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Lisa Arensen

Lisa Arensen, Ph.D.

Location

Cambodia

Education

B.A. in Writing and Humanities
Houghton College (NY, USA)

M.Sc. in Social Anthropology
University of Edinburgh (Scotland)

Ph.D. in Social Anthropology
University of Edinburgh (Scotland)

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Lisa Arensen, Ph.D.

Resident Lecturer in Ecosystems and Livelihoods

About

Faculty Profile


A U.S. citizen raised in East Africa, I moved to Cambodia in 1999 to teach English to the Khmer staff of an NGO shelter for young women escaping the sex industry. The people of Cambodia’s struggle to recover and thrive after decades of conflict and deprivation inspired me to remain, and I spent another seven years living and working in Cambodia as a community development practitioner and a qualitative research consultant. Much of my consulting focused upon the circumstances of vulnerable women and girls, and I conducted research and assessments for a variety of international and local NGOs working with exploited and trafficked women and children.

In 2006 I began my graduate studies in Edinburgh, Scotland, initially in the anthropology of development field, but then shifting to the study of post-conflict resilience and recovery. My PhD fieldwork consisted of an in-depth ethnographic study of three villages situated on the former front lines in a heavily mined district in northwest Cambodia. It examined issues such as post-war migration and resettlement strategies, land distribution, clearing minefields for agriculture, Khmer engagement with forest ecosystems, and efforts at social reintegration in communities with divided affiliations and violent histories.

During and immediately after my PhD, I taught as an interim assistant professor at Houghton College, my alma mater. I returned to Cambodia and applied research in 2013, providing change analysis training to indigenous highlanders in Cambodia and participating in two qualitative evaluations for international NGOs in Cambodia and Sierra Leone. I also devoted considerable time to drafting an ethnography based upon my PhD research–an ongoing project!

Research Interests


Prior to my graduate work, my research interests centered upon gendered experiences of vulnerability, exploitation and resilience in Cambodia. My doctoral research allowed me to explore issues of post-conflict recovery and resilience, in both social and biophysical terms, and I would like to conduct further research upon Cambodians’ complex and shifting relationships with forested landscapes.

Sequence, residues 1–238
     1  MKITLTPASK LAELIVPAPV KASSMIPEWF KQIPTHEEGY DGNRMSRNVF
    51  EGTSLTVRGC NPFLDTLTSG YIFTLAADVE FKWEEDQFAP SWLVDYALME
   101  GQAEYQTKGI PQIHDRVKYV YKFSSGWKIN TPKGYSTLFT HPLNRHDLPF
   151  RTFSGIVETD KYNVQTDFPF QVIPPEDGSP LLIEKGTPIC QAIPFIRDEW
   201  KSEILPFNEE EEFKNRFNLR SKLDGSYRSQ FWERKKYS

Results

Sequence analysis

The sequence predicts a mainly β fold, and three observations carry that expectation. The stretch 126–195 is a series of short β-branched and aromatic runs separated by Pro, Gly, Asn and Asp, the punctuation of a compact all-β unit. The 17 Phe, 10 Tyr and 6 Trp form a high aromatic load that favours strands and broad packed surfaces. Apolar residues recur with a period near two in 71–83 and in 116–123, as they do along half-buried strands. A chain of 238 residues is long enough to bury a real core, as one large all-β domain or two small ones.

I am also very interested in the emergence of community-based tourism and ecotourism in Cambodia, and in assessing the levels of local involvement and benefits of such initiatives.

During my ethnographic research, I became interested in the intergenerational relationships between young and elderly Cambodians. I also gathered oral histories with various elderly Cambodians, focused upon their shifting survival and livelihood strategies through decades of conflict. The knowledge and experiences of the elderly generation of Cambodians is vast and largely undocumented, and I would like to contribute to the conservation of traditional knowledge and historical memory.

GRANTS AND AWARDS

2007-2010 Research Award from the College of Humanities and Social Science
2007-2010 Overseas Research Scholarship from the University of Edinburgh
2009 Center for Khmer Studies Junior Fellowship for PhD field research 2009
2008 Tweedie Exploration Fund

Academics

Presentations

Paper presented at The Force of Life: Living in Precarious Spaces and Times in Asia conference on 20-21 July 2014, hosted by the Asia Research Institute of the National University of Singapore.
Paper presented at the Villains, Rogues and Deviants: Writing the Histories of People We'd Rather Forget conference on October 22, 2010, hosted by the University of Edinburgh, School of Social and Political Studies.
Paper presented at the Joint Conference of Early Career Researchers Conference on East Asian Studies, the 4th Korean Studies Graduate Students Convention in Europe, and International Workshop on Governability across Regime Types, 24-26 October 2007, hosted by the University of Edinburgh, School of Social and Political Studies